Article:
I saw a clip on ESPN of a high school section championship baseball game in New York state that unintentionally taught a pretty tough lesson. After a strikeout and thinking their team just notched a win, the catcher heads to the mound to celebrate. But in a lesser-known rule of baseball, if the catcher drops a third strike, the batter is allowed to run and must be thrown out at first base. In his eagerness to celebrate a win, the catcher misses the ump’s call and loses track of the game. As the team prematurely cheers their victory, the other team’s baserunners cross the plate one by one and take the victory for themselves.

Athletes or not, this clip can teach us a lot about what it takes to be on winning team and the importance of working together and staying the course until the very end.

The Celebration

The bat flip.

The rush to the mound.

The home-plate celebration.

While sports celebrations make great TV, so many of us in life and business focus too much on the celebration and not enough on the work it takes to get there. If you are only playing the game for the glory, you’re focused on the wrong kind of rush. Hustle and hard work are timeless ingredients for winning teams, but you need to also find enjoyment and satisfaction from the team collaboration along the journey.

When the team and I were first imagining Genesis AI – the most advanced hearing aid in the world – I knew it wasn’t going to happen overnight. We needed to pour ourselves into this project. We were trying to do something that hadn’t been done before in our industry. We had to make the sacrifices and put in the time and hard work, and that’s what we did. We rebuilt the hearing aid from the ground up to deliver a device with unmatched sound quality and an unparalleled customer and provider experience. A success like this is only accomplished by a team dedicated to hard work and seeing something all the way through to the end.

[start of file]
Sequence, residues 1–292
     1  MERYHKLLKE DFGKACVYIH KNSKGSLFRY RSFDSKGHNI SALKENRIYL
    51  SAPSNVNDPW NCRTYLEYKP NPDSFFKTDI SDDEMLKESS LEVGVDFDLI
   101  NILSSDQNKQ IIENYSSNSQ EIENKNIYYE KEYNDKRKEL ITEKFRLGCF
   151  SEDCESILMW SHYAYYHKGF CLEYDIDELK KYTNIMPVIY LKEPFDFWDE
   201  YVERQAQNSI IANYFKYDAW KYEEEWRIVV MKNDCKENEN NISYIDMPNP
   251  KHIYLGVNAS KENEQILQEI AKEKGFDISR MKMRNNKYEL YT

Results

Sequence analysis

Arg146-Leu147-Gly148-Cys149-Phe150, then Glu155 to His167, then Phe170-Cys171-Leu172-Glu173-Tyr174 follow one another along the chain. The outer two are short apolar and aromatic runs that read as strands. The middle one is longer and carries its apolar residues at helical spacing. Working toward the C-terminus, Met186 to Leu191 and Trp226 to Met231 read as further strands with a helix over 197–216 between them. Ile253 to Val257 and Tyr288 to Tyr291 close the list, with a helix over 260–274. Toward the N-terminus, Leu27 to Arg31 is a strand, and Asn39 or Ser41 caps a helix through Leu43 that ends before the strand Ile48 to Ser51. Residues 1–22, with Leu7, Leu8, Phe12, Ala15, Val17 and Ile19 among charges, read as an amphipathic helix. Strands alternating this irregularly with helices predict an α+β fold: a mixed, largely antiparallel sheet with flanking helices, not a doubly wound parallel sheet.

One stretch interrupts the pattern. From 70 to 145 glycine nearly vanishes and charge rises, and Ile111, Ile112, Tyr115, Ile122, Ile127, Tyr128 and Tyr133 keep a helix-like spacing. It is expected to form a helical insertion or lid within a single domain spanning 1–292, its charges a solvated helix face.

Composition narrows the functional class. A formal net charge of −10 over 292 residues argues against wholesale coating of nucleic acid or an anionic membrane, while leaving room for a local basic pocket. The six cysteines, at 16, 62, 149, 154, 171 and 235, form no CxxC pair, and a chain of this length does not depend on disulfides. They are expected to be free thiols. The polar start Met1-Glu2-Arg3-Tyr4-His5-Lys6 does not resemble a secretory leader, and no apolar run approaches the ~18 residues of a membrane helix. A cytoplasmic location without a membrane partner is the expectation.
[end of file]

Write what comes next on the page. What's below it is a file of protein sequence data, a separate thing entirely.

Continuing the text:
While putting in the work doesn’t always guarantee success, stopping early to pat yourself on the back will certainly keep you on the sidelines instead of playing for the win.

Taking Your Eye Off The Ball

In a big game, it’s easy to get distracted. The cheers of the crowd, the buzz of the press – there is a lot going on that can take your focus away from the game. That’s usually when you see otherwise successful teams falter. If you can’t drown out the distractions and allow yourself to get sidetracked by them, that’s when your opponent gets their opportunity for the win. This happens in business as well. You see one month of growth and think everything is great. That false sense of accomplishment can distract a business from its core quickly. Leaders start making decisions based on a short stint of success. One good month means exactly that, one good month. It doesn’t make a person an MVP or mean leaders can take their eyes off the top goal. If you start congratulating each other too early, you lose track of the bigger game at hand. Continue putting in the work, stay focused on the plan, and then see where you stand at the end of the year. That’s when you check the score.

Win As a Team

There are no shortcuts to winning. You must work as a team until the very end, be accountable to them and finish what you started. Those team celebrations that happen after all the work has been done, that’s the sweetest kind of victory.